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Town and Country Planning: Guidelines to conveyancing solicitors for ensuring compliance

This article deals with the transactional matters that affect the conveyancing and the steps that the conveyancing solicitor should take to ensure that the process goes on smoothly.

Acting for the seller:

A seller is not really obligated to disclose planning and other matters, and a buyer’s conveyancing solicitor would be very reluctant to transact unless he is satisfied that all matters related to the proper use of the property, current planning & other regulations are complied with. It is therefore important that the seller’s solicitor take steps to ensure that all of these are in place and should be prepared for any problems that may arise. The seller’s conveyancer should also check and make sure that he is prepared to face the implications of the following:

  • The date on which the property was first built and the use to which it has been put to.
  • Details of the alterations, extensions and additions that were made to the property or the ground on which it has been built. Details such as the number of additions and extensions made, the date, etc. should be mentioned.
  • Did any activity take place that potentially required permission from the local authority? If so, did the seller obtain the necessary permission and were there any conditions attached to the planning consent or the GPDO. This should be checked to ensure that they have been complied with.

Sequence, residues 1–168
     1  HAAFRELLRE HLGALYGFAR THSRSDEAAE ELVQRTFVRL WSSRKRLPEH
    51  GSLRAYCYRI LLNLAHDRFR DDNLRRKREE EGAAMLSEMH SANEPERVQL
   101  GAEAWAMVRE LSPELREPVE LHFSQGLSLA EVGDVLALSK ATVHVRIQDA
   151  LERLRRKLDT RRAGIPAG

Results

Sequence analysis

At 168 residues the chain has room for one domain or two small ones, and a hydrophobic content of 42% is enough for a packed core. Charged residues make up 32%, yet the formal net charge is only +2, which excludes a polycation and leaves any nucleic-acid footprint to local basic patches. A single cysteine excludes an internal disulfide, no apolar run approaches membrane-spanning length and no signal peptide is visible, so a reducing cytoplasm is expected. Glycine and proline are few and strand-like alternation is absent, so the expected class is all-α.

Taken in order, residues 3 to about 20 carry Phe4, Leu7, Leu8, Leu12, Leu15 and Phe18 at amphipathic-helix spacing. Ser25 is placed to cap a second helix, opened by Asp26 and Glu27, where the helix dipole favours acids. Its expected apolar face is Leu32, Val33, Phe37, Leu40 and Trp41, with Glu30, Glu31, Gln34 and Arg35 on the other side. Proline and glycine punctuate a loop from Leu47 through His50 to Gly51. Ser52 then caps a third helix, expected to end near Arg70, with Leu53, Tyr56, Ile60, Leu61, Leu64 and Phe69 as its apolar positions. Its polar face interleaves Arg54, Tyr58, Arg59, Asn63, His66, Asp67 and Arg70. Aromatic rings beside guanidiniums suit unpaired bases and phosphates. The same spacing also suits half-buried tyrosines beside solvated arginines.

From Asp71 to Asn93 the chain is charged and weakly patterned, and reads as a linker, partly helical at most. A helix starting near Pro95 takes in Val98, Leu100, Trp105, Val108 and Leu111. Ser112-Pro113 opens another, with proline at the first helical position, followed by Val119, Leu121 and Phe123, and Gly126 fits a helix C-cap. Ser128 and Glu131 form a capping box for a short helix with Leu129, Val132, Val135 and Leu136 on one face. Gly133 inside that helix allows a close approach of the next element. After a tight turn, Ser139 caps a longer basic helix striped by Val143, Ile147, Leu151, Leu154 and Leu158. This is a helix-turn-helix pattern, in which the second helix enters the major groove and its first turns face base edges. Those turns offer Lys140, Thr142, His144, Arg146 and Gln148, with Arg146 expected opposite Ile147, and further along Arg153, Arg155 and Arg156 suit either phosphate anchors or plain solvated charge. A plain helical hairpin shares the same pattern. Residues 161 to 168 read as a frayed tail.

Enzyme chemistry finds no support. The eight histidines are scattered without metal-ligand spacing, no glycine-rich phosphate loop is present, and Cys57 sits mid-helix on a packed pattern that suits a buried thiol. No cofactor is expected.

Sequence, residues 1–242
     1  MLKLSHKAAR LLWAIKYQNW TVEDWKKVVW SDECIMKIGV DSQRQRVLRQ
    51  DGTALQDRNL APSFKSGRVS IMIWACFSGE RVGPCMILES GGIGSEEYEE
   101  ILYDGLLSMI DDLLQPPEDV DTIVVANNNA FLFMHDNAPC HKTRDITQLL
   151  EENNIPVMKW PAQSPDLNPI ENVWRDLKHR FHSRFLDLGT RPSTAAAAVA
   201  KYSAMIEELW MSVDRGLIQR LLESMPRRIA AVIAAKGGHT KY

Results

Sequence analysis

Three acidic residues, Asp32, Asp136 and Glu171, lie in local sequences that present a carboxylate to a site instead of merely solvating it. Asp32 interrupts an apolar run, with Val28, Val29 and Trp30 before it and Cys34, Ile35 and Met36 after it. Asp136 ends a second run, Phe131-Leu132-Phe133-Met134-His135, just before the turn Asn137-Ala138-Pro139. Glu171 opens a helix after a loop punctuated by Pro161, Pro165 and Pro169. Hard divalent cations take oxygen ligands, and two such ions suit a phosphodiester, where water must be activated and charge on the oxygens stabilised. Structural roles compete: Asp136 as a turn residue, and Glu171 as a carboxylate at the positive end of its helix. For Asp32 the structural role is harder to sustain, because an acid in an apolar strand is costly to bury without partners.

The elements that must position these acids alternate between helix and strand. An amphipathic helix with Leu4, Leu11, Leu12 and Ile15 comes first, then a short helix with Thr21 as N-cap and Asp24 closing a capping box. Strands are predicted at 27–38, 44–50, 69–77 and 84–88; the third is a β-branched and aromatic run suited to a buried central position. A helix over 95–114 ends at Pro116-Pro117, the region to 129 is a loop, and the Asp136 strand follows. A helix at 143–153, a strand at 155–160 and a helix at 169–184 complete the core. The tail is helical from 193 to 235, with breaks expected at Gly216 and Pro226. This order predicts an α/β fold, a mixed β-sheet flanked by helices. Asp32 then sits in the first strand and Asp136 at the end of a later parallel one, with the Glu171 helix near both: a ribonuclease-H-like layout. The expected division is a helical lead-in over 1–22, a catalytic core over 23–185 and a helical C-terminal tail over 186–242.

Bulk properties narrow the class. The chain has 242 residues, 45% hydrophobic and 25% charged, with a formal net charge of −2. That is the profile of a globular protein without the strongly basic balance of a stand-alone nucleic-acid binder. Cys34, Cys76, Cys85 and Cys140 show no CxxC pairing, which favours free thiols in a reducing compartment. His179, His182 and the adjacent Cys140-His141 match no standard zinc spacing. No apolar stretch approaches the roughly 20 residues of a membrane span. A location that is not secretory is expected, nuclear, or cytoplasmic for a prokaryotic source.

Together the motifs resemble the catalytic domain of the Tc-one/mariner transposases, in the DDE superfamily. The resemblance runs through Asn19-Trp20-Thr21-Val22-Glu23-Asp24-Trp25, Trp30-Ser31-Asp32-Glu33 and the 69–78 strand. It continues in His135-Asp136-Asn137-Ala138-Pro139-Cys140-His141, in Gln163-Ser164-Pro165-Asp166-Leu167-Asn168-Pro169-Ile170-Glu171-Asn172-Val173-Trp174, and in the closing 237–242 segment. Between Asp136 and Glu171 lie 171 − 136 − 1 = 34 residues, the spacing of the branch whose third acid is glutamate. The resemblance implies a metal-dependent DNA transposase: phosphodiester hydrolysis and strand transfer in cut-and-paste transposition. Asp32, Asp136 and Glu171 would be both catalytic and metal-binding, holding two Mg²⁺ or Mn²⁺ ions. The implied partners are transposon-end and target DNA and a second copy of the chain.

• Has the owner undertaken alterations or changed the use in restriction to the covenants that may affect the title. And if the property is leasehold, the conveyancing solicitor should check for considerations not only of the covenants that bind the freehold, but also consideration of a covenant that may control development contained in the lease.
  • Does the property belong to a conservation area or is the property a listed building.
  • Has the owner undertaken any alteration or addition to the property? If so, has he complied with the building regulation control and the necessary certificate of compliance or self-certification certificate was obtained (in cases where it is deemed necessary).

Acting for the Buyer:

On his part, the buyer’s conveyancing solicitor has to ensure that information related to all aspects mentioned above is provided by the seller or his solicitor and that they are to his satisfaction. An enquiry with the local authority or the seller should be sufficient to gather this information. If irregularity is noticed, it should be informed to the seller, and should be dealt with at the seller’s expense or an indemnity should be obtained from the seller.

While an enquiry into the property should be sufficient to help the conveyancing solicitor understand the problems (if any) arising from the seller’s use of property, the buyer’s solicitor should also enquire if the buyer proposes to carry out any work on the property. If this is the case, obtaining necessary permissions should be considered.

Photo courtesy: chicagogeek

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